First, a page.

Narratives and Reflexivity in Venture Capital
Why perception is often more important than tech
How much should Tesla be worth? It currently trades at ~8x sales. GM trades at 0.3x sales, a 26x gap. Is Tesla overvalued? What about NVIDIA, which trades at 30x sales? It’s closest comp, AMD, trades at 10x sales…is AMD undervalued?
The dynamic in these two examples illustrates one of the most fundamental aspects of investing…perception matters. And in early-stage venture, perception really matters.
In extreme cases, perception can also begin to influence fundamentals in a way that justifies the seemingly high valuations. This concept is referred to as reflexivity. There’s a great post I found that explains reflexivity in detail, linked here. From that piece:
“Reflexivity is an economic theory that states - investors' perceptions affect economic fundamentals, which affects price, which in turn affects perception in a feedback loop. Reflexivity theory states that investors don't base their decisions on reality, but on their perceptions of reality instead.”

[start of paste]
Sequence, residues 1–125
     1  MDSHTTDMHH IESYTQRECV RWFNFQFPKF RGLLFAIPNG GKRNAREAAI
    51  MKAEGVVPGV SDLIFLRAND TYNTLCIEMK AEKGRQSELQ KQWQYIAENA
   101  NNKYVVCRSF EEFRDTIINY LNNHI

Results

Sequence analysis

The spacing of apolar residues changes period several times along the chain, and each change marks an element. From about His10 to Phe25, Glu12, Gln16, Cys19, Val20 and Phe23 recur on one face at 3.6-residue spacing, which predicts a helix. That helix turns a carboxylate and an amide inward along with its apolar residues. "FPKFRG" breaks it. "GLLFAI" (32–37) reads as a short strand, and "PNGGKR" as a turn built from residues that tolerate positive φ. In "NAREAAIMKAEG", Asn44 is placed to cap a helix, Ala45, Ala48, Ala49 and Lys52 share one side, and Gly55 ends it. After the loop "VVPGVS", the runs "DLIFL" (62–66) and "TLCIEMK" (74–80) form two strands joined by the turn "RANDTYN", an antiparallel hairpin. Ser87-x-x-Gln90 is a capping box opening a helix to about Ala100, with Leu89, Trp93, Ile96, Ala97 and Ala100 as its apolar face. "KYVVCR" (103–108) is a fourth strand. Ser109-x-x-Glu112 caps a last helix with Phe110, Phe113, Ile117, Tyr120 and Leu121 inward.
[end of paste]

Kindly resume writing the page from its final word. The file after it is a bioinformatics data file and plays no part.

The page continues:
Viewed through the lens of reflexivity, we can understand why narrative (not to be confused with its sinister cousin, hype) is so critically important for technology businesses. Uber (~$60B EV) was a digital logistics network, not a taxi business. SpaceX ($180B EV) is colonizing Mars, not launching rockets. Their valuations reflect this, and those high valuations allow them to access the capital required to achieve their lofty ambitions, in a feedback loop that may continue for decades.
But narrative is a double-edged sword. WeWork was “elevating consciousness” after all, and we know how that ended. What we can learn from the Ubers and the SpaceXes is that successful founders create a compelling company narrative without allowing that narrative to devolve into hype. This is an art, but done well it’s the key unlock that allows companies to achieve the massive ambitions that we aim for as early-stage venture investors.